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  • Author: Daniel Gros, Felix Roth
  • Publication Date: 07-2010
  • Content Type: Working Paper
  • Institution: Centre for European Policy Studies
  • Abstract: Trust in the ECB, as measured by the standard Eurobarometer (and other) surveys has fallen to an unprecedented low – especially in the larger euro area countries. The authors find that up to the start of the recession in 2008, trust in the ECB was little affected by business cycle variables such as growth and inflation. This changed radically with the recession, with trust in the ECB becoming correlated quite closely with growth. However, even the recovery of growth in 2009 was not sufficient to restore trust in the ECB to previous levels. This finding implies that European citizens seem to have placed a heavy share of the blame on the European Central Bank for the real economic downturn caused by the financial crisis.
  • Topic: Economics, International Trade and Finance, Monetary Policy
  • Political Geography: Europe
  • Author: Jørgen Mortensen
  • Publication Date: 12-2010
  • Content Type: Working Paper
  • Institution: Centre for European Policy Studies
  • Abstract: This paper provides evidence on past growth of productivity, analysing the evolution of labour productivity, capital deepening and multi-factor productivity. Based on a literature review of recent studies, it shows that economic growth is increasingly attributable to the accumulation of intangible capital and that consequently, an increasing share of conventionally measured rise in labour productivity has, in fact, been ploughed back into the economy as intangible capital formation. In addition, it shows that on average for the developed countries examined, the growth of total factor productivity has been the main determinant of the increase in living standards over the 50 years from 1960 to 2010. It also demonstrates a striking slowdown in the growth of both productivity and living standards during this period. Looking ahead, it argues that the period 2010 to 2030 is likely to see a considerable expansion of tangible and intangible capital formation and lower growth of multi-factor productivity. The paper therefore concludes that over the next 20 years the scope for growth in living standards in the developed economies will be very limited, on average around half a percent per annum, with serious consequences for social conditions and a likely aggravation of inequalities.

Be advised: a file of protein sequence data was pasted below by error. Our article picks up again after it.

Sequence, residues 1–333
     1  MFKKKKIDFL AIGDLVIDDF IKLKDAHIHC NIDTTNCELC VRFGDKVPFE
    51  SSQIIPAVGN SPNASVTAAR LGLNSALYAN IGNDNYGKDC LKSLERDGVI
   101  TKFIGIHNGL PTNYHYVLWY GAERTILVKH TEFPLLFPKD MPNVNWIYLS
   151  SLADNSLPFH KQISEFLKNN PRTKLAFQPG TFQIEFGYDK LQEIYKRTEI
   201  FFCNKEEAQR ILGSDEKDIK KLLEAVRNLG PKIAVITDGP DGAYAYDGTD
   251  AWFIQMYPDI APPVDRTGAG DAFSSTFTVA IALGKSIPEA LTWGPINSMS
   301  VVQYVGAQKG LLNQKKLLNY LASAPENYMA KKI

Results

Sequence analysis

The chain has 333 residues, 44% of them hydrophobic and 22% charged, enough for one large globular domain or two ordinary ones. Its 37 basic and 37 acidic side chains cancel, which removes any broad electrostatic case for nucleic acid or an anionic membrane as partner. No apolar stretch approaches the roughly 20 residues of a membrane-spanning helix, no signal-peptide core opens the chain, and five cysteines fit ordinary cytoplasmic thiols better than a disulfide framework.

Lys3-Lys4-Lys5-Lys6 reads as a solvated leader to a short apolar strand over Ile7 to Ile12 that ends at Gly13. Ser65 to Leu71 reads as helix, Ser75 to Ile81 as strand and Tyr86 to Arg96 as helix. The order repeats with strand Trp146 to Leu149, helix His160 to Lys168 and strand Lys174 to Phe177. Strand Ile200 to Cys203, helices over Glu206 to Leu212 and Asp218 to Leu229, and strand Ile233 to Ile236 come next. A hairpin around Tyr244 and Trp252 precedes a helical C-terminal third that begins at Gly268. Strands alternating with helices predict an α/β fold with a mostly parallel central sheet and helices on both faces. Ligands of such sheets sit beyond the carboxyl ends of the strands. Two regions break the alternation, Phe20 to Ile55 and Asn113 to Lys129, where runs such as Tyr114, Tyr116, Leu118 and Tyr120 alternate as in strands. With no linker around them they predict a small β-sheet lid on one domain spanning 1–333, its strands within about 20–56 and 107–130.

• Topic: Economics, Globalization, Human Welfare, Labor Issues
  • Political Geography: Europe
  • Author: Johannes Herold, Roman Mendelevitch, Pao-Yu Oei, Andreas Tissen
  • Publication Date: 11-2010
  • Content Type: Working Paper
  • Institution: Centre for European Policy Studies
  • Abstract: We present a mixed integer, multi-period, cost-minimising model for a carbon capture, transport and storage (CCTS) network in Europe. The model incorpor ates endogenous decisions about carbon capture, pipeline and storage investments. The capture, flow and injection quantities are based on given costs, certificate prices, storage capacities and point source emissions. The results indicate that CCTS can theoretically contribute to the decarbonisation of Europe's energy and industrial sectors. This requires a CO2 certificate price rising to €55 per tCO2 in 2050, and sufficient CO2 storage capacity available for both on- and offshore sites. Yet CCTS deployment is highest in CO2-intensive industries where emissions cannot be avoided by fuel switching or alternative production processes. In all scenarios, the importance of the industrial sector as a first-mover to induce the deployment of CCTS is highlighted. By contrast, a decrease in available storage capacity or a more moderate increase in CO2 prices will significantly reduce the role of CCTS as a CO2 mitigation technology, especially in the energy sector. Furthermore, continued public resistance to onshore CO2 storage can only be overcome by constructing expensive offshore storage. Under this restriction, reaching the same levels of CCTS penetration would require a doubling of CO2 certificate prices.
  • Topic: Climate Change, Energy Policy, Industrial Policy, Science and Technology
  • Political Geography: Europe
  • Author: Christian von Hirschhausen, Johannes Herold, Sophia Rüster
  • Publication Date: 11-2010
  • Content Type: Working Paper
  • Institution: Centre for European Policy Studies